Sermon, Dedication Festival, October 2022 – the Vicar

From today’s Gospel “Destroy this temple and in three days, I shall raise it up.” Words above the doorway of this church, from Genesis 28: 17: “This is none other than the House of God, this is the Gate of Heaven.”

65 years ago almost to the day, the then Bishop and clergy from the Deanery gathered here to dedicate this church after it was rebuilt in 1957.

On this anniversary we remember the rededication, and we give thanks for the ongoing work of the work of maintenance as it is constantly beautified to the glory of God. The boundary wall which has been restored, for the first time since St Mark’s was built in 1854, is now clean, and more importantly, safe. The careful work, undertaken by Stonedge and Tomas the mason in charge, who is here, is something we are very proud of. The wall frames and protects the church grounds so well. And our huge thanks to all who have been part of contributing to this work in relatively short order.

As the work has been progressing, I have been pondering stones, and walls; words with many Theological resonances; and the ironies of what it means for the Church itself to be a Temple not made with hands, comprising living stones – us, and yet to be reliant on stone and mortar for our in-gathering.

In my thinking, my mind has been drawn to the great western wall in Jerusalem, you have a photo of it in the order of service. On the right you see a close up of the western wall of Herod’s Temple, still not completed in Jesus’s day. Can you see at the base the massive stones which Herod’s labourers placed. As you go north from there the stones become even more enormous. What is interesting about this wall is that the portion we can see is but a small proportion of the total size. It was 105 ft 32 metres high from foundation to top, and 488 metres in length only 57 metres of which are visible. The scale is breath-taking. Much of that great wall is below the plaza in these pictures. The rubble created by the Romans first in 70 AD and then again in 135 AD, when they destroyed the temple precincts and filled the land to the west,  re-landscaped of the western approach to the Temple Mount. After that the Romans then built in 135 a temple to Jupiter on the site, and expelled the Jewish population from their ancient city. Never again would it function as their most holy place.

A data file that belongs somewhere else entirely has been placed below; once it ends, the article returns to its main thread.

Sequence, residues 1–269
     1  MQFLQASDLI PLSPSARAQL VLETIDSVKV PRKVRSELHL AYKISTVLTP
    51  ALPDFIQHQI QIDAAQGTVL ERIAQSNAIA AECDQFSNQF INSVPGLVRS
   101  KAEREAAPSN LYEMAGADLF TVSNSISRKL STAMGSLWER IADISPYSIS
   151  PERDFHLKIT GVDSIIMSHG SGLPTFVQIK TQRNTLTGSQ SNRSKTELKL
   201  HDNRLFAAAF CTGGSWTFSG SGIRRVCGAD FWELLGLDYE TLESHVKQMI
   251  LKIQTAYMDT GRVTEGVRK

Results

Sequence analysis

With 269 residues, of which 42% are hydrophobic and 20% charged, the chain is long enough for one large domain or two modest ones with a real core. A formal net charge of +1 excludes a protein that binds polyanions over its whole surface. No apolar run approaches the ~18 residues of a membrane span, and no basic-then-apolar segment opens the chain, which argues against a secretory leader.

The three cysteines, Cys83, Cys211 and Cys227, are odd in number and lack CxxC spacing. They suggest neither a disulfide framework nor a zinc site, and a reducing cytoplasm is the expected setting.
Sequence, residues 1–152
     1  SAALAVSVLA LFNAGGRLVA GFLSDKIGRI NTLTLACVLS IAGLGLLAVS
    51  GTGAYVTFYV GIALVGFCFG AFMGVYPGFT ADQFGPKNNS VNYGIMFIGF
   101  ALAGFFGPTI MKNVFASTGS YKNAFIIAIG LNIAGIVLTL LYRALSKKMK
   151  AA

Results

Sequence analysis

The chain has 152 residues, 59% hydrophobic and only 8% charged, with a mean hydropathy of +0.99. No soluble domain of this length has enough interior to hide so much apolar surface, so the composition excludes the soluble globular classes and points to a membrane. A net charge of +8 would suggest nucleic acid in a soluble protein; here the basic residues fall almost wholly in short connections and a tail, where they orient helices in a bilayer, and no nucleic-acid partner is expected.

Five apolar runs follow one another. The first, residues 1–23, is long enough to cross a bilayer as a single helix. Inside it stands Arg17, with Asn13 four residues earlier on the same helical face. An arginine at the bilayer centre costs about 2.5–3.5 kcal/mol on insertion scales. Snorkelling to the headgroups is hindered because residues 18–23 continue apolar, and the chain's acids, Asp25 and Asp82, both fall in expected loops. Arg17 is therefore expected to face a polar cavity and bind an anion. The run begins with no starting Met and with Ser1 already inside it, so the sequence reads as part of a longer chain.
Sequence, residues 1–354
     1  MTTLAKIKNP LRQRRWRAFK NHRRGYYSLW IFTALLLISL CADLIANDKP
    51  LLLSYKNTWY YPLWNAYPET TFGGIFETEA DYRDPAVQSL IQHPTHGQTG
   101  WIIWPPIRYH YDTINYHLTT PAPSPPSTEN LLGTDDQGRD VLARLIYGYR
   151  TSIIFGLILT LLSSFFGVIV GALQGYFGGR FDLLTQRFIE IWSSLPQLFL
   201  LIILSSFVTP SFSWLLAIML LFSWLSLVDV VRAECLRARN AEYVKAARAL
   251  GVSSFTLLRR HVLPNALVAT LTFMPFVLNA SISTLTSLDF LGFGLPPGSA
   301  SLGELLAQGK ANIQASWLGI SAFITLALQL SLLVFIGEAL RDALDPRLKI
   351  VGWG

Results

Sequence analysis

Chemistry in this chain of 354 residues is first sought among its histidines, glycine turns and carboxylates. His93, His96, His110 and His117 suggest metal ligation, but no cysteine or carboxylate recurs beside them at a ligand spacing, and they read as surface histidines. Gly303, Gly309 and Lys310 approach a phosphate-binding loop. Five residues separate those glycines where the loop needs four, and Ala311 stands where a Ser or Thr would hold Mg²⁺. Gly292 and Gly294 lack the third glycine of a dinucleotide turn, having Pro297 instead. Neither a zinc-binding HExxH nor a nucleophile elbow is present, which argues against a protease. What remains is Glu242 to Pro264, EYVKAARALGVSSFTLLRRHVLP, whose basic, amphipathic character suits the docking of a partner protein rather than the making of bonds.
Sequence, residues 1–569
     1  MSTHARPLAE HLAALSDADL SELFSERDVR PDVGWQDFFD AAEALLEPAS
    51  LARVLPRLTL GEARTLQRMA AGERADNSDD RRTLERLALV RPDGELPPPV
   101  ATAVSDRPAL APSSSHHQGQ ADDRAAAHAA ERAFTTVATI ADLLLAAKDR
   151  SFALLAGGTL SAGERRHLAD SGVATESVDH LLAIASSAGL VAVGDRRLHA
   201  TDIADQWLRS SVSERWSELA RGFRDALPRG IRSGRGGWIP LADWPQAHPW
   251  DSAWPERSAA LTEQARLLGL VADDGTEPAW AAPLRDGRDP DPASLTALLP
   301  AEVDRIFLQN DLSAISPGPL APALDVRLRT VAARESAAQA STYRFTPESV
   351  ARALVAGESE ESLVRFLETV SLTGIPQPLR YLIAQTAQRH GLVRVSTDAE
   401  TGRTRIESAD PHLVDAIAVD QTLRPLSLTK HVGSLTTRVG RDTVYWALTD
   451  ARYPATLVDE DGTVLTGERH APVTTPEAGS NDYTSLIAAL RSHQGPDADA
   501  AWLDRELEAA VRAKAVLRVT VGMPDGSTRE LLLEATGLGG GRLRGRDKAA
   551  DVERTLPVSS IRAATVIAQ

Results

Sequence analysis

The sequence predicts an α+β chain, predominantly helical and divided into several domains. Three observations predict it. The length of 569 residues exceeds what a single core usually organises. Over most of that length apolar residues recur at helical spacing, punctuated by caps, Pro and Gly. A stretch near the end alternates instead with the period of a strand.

Ever since, only this section of wall has stood as vestige and poignant reminder of once was. This contested site is an intersectional place: to the north is the Dome of the Rock, and to the South, the A’qsa Mosque, both places of the greatest significance in Islam, the latter the place of Mohammed’s night journey into to heaven, the former possibly over the site of the Holy of Holies, the place where Abraham offered Isaac before he was redeemed by a ram in the ticket. For this rock is most possibly Mt Moriah.

The temple precincts in Jesus’s day thronged with pilgrims, not least on high holy days. It was quite proper that animals should be bought with Temple money, and the costs of maintaining the Temple made our boundary wall look like a walk in the Park; so a regulated trade in currency conversion was overseen by the Priestly guardians of the Temple. John tells us Jesus comes at the Feast of Passover. There are potent echoes from the Hebrew Bible. The quote from Psalm 69: 9, Zeal for thy house hath eaten me up and Not turning my father’s house into a house of merchandise from Zechariah 14, together signal the both the day of the Messiah, and the refrain of prophetic interest from the earliest days concerning proper care for the Temple.